In light of this impressive record, surely BLOODHOUND will return to the Black Rock Desert? Sadly, no. A lack of rain over the last decade, together with increasingly heavy use for the playa surface (principly by the annual Burning Man festival) has left the Black Rock surface in poor condition. It is bumpy, crumbly, rutted and uneven for much of its 140+ square mile surface and is not currently a suitable surface on which to run a car like BLOODHOUND. Hence an alternative surface is required – and we need to find one, wherever in the world it may be.
The problem is that the most popular NTIS stuff is already on the net, but the remaining 30% (the long tail) is not.
The federally funded research was about these large (miles in radius) circles found in Nevada. There was conjecture that they were from a nuclear test. It turns out that they were from a toxic cloud test that was done using a solid rocket engine treated with beryllium. See http://pacaeropress.websitetoo..., http://aair.smugmug.com/Aviati... and http://blackrockdesert.org/wik...
The NTIS had the paper in question, which I was able to get and confirm that the semi-circles were created as part of the test. There was no mention of the test in the local papers or anywhere else I could find. If the NTIS did not have the paper, then my only hope would have been to ask Aerojet, the company contracted to do the research. The odds of them having a paper from 1967 is pretty low.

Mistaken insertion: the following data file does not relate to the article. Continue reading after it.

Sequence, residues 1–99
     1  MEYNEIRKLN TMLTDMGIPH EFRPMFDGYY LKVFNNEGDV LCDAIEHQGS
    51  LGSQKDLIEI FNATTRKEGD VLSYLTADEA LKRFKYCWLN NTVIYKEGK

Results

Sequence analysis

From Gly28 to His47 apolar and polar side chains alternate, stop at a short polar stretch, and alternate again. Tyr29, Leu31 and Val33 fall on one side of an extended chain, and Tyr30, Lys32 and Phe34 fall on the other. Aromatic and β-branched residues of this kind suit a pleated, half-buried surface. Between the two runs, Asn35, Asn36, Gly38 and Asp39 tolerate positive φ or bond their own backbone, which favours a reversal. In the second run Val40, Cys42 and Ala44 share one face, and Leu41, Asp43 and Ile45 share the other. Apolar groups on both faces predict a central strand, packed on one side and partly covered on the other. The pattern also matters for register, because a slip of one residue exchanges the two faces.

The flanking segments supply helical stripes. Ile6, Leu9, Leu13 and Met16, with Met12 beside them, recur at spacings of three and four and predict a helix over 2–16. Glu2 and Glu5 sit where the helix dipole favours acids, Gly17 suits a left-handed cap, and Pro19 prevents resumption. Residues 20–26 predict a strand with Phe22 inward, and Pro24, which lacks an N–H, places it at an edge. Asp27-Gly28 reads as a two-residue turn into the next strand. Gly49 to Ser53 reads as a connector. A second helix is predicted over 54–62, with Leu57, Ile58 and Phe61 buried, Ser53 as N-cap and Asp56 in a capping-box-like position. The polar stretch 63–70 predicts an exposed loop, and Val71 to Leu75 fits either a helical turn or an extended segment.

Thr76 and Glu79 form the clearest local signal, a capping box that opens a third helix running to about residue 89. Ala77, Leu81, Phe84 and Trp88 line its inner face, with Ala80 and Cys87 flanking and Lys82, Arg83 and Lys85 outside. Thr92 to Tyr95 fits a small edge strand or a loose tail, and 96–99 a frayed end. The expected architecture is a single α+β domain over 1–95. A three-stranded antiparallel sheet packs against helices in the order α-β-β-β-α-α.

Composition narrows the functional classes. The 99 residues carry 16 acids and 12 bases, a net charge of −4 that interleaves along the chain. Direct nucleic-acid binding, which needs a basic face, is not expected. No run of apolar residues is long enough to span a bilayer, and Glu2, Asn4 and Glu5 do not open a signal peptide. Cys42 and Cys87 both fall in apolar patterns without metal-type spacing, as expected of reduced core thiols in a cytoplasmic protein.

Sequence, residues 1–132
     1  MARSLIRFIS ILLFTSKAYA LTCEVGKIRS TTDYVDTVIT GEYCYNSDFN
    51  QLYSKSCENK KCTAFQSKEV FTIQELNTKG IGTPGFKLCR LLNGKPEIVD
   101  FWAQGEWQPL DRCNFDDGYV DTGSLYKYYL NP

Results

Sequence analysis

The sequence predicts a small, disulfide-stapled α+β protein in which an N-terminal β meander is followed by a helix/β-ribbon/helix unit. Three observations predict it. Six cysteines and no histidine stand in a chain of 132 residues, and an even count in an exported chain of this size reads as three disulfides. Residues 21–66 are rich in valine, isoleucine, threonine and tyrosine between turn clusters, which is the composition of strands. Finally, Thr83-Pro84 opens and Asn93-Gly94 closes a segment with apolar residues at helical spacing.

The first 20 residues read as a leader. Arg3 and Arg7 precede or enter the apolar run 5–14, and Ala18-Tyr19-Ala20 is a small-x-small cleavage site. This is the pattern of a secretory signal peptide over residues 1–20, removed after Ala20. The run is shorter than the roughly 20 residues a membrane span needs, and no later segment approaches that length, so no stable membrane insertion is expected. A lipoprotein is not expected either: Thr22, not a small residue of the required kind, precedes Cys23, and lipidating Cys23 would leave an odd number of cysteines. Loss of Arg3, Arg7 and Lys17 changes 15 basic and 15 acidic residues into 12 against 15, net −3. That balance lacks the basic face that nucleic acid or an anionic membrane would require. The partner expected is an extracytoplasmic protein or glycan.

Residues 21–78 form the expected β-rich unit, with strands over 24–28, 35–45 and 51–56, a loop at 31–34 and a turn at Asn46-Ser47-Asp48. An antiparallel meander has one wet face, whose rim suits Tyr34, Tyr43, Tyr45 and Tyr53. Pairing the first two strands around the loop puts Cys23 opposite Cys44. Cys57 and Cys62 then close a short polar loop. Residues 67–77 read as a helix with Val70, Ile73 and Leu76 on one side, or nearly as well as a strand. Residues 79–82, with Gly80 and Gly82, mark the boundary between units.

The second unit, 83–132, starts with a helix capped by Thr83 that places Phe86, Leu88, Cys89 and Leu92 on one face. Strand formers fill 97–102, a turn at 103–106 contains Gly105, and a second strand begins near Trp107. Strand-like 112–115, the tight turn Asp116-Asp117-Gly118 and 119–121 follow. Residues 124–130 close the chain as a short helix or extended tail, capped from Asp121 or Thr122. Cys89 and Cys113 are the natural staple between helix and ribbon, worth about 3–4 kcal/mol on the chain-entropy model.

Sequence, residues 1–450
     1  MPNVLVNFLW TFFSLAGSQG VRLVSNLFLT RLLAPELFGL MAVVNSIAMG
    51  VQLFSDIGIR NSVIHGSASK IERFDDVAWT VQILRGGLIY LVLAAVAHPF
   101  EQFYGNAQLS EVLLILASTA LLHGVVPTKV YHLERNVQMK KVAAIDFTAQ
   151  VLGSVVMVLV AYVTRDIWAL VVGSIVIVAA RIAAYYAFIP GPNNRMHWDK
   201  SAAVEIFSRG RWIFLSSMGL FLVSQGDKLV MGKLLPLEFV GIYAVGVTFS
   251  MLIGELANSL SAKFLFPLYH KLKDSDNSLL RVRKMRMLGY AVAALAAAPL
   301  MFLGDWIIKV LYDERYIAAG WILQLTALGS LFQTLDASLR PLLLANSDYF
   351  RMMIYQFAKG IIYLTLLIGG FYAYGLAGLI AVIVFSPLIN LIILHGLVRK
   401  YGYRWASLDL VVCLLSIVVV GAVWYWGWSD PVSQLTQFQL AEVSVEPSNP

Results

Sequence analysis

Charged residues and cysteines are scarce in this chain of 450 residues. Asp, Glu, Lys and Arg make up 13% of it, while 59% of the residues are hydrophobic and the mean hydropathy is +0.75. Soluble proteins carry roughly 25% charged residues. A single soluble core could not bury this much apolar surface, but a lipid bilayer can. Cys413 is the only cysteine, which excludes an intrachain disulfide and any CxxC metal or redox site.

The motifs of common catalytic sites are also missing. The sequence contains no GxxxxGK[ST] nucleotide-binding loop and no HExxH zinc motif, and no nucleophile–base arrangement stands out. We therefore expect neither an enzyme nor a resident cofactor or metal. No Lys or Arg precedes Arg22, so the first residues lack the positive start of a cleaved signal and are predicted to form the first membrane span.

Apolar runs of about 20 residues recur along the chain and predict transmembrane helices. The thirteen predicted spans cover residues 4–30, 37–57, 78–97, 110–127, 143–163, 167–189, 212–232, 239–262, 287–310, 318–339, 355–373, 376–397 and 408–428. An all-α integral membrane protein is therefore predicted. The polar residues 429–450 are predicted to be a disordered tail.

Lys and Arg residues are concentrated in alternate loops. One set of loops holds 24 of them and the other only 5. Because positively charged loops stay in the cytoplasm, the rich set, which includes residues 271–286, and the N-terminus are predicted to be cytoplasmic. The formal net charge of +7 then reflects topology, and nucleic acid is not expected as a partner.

I realize that this question is not a critical, life threatening question, but determining *why* the circles where there and dispelling rumors about nuke tests is useful. The pursuit of the truth is lofty goal. Those who do not know history are bound to repeat it. In the case of this study, it turns out that there was an inversion layer that prevented a bunch of the particulate matter from reaching the ground in the test site. Maybe this is a well know mechanism now, but if I were researching atmospheric pollution, then I would want to review a study like this. If this study is not accessible, then it is like it never happened.
If the NTIS is disbanded, then we are basically tossing a bunch of tax-payer funded projects in to the shredder.
Interestingly, Canada is going through a somewhat similar issue where libraries containing research materials are being closed. Here an article from 2012: http://www.cbc.ca/news/canada/...
I'm no fan of big government, but if the NTIS is to be closed, then the entire contents of the NTIS library must be made freely available.
Link to Original Source
In addition, Marcia does have some suggestions about car stereo speaker orientation that are useful for winter driving
- An open source license
- High quality, readable code
- An active community
- Test cases and nightly builds
- Regular releases
- A faculty member who is a programmer, or at least was a programmer.
There are many other factors, does anyone have favorites? Note that not all academic software is destined to be used outside of academia or to even survive past the end of the semester. That's ok.